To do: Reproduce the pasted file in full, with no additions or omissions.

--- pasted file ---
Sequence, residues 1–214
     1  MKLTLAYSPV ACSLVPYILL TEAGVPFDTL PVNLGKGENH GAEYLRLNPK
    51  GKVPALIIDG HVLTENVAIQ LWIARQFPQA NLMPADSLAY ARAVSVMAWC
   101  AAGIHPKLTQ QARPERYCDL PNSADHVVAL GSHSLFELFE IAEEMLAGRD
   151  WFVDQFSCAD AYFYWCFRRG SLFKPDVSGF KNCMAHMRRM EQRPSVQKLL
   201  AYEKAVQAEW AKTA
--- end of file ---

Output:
Sequence, residues 1–214
     1  MKLTLAYSPV ACSLVPYILL TEAGVPFDTL PVNLGKGENH GAEYLRLNPK
    51  GKVPALIIDG HVLTENVAIQ LWIARQFPQA NLMPADSLAY ARAVSVMAWC
   101  AAGIHPKLTQ QARPERYCDL PNSADHVVAL GSHSLFELFE IAEEMLAGRD
   151  WFVDQFSCAD AYFYWCFRRG SLFKPDVSGF KNCMAHMRRM EQRPSVQKLL
   201  AYEKAVQAEW AKTA